The Court ordered Whatcott to pay the Human Rights Commission’s legal fees and to pay $7,500 in compensation to two homosexuals who were offended by his flyers. Continue reading
Father Scott Hurd serves as the liaison with the USCCB for the implementation of the Apostolic Constitution, Anglicanorum Cœtibus here in America. He has been looking at the options available to all Anglican groups in establishing a U.S. Anglican Ordinariate.
The U.S. Conference of Catholic Bishops created an ad hoc committee led by Donald Cardinal Wuerl last September that was charged with assisting the Congregation for the Doctrine of the Faith (CDF) in implementing the apostolic constitution Anglicanorum Cœtibus.
Today Father Hurd concelebrated Mass at Our Lady of Walsingham (OLW) Anglican Use Church as part of his visit to Houston. After Mass there was a tiny reception outside the church which was followed by a short talk with a question and answer period for the parishioners of Our Lady of Walsingham.
Some major points that were learned today concerning the process as to where we are in possibly establishing a U.S. Anglican Ordinariate. Please note that none of this official.:
Hattip to Ed Morrissey at Hot Air. John Stossel is an anomaly: he is a libertarian in a profession, journalism, dominated by liberal democrats. Here is a column he wrote which summarizes the video, which spent quite a bit of time discussing the shortcomings of Canadian health care.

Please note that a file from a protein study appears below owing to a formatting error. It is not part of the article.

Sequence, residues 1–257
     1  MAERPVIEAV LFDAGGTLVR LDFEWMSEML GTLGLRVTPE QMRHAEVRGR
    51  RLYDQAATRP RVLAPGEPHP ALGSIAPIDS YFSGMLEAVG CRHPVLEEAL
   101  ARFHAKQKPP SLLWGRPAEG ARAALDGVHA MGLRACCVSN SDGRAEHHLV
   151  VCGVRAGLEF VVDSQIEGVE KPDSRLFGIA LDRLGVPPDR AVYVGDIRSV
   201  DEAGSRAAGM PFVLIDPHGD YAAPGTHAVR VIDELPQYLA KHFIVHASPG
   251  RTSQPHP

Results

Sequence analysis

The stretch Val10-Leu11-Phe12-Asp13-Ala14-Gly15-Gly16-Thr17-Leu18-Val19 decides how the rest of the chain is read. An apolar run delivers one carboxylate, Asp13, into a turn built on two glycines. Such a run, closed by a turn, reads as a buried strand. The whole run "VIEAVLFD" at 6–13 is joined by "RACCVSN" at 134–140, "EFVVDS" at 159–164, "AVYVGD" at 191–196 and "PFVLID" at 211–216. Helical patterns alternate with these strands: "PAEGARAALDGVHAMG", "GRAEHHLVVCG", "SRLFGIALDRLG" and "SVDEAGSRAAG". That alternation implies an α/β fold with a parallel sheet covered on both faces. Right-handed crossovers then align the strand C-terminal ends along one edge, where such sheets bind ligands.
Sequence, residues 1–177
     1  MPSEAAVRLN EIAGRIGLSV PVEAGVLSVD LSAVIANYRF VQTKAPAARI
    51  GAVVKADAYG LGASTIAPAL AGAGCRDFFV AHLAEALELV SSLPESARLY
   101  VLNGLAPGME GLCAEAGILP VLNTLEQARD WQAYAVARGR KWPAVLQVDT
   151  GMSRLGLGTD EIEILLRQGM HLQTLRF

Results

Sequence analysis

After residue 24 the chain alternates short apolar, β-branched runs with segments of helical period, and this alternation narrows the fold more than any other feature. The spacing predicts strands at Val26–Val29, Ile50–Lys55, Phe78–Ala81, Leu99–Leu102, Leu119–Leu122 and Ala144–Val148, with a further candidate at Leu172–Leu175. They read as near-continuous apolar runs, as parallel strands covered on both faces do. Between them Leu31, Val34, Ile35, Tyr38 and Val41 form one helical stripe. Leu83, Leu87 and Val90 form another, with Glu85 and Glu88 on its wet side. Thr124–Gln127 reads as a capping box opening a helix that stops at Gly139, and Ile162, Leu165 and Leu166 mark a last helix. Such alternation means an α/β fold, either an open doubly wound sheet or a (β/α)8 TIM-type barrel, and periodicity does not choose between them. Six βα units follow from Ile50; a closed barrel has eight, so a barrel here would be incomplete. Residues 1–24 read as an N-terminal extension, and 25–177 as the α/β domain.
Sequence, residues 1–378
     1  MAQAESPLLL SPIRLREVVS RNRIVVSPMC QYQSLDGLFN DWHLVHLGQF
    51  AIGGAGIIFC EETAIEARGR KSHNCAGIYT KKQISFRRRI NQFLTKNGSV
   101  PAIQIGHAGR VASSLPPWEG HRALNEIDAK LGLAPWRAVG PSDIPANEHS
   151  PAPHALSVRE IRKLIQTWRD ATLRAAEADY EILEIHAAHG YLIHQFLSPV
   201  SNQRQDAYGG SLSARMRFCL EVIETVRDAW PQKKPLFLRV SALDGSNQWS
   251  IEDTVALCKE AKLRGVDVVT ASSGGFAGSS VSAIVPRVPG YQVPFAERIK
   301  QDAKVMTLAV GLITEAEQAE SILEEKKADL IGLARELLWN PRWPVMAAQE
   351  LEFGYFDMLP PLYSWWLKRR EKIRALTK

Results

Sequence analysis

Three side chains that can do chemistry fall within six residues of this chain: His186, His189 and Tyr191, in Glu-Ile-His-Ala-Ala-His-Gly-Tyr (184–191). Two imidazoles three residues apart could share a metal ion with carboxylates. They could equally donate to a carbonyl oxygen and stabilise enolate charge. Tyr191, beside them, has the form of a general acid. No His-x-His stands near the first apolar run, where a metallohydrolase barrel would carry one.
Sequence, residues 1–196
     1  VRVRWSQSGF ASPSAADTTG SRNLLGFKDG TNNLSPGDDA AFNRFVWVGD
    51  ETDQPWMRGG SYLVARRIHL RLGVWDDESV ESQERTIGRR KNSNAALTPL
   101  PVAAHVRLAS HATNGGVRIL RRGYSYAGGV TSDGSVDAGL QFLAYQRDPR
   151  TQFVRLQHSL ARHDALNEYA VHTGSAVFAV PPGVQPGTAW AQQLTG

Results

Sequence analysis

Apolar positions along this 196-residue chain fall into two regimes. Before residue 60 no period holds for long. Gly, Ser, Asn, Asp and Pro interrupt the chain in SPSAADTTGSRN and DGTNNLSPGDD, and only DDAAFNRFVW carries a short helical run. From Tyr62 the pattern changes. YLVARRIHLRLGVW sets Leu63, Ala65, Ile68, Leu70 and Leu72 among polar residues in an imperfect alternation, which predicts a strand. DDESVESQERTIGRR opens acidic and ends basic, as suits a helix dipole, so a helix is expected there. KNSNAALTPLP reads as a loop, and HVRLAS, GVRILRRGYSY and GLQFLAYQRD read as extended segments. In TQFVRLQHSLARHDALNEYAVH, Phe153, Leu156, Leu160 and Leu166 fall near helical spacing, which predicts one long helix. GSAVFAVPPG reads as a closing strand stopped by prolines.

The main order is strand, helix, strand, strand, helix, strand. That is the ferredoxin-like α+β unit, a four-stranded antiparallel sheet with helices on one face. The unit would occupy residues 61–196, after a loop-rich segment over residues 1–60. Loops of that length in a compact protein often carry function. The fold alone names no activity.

The experience of Canada under national health care is intriguing. A battle is raging over the net with opponents of ObamaCare pointing out its shortcomings and proponents rallying to the defense of the Canadian system. One often overlooked feature is the role of private medical clinics in Canada. Recently such clinics have been made legal based upon a Canadian Supreme Court decision and are becoming increasingly popular. A good article on the subject is here. Here is another article on the clinics.
I found this quote from the last article linked to curious.
“It’s obviously extra billing and queue jumping,” says David Eggen, executive director of Friends of Medicare. “If this goes on unregulated, it’ll spread like wildfire and we can see it, even in a recession, starting to expand here in Alberta.”
Now why would these clinics spread like wildfire if the Canadians are as enamored of their national health care system as the proponents of ObamaCare say they are? Here is a story from 2006 on the subject which appeared in that notorious right-wing rag The New York Times. As we debate changing our health care system to something approaching that of the Canadian system, we should also understand that there is a debate in Canada about broadening the availability of private pay health care.
Something for the weekend. My sainted Mom was from Newfoundland. She was proud of being a “Newfie”, and my family lived up in that beautiful land from a few months after my birth in 1957 until 1961 when we returned to the US, although she eventually became a naturalized American citizen. Her family in 1949 preferred statehood with the US over joining on to Canada. She always liked the unneutered version of the Maple Leaf Forever, however. This one is for you Mom.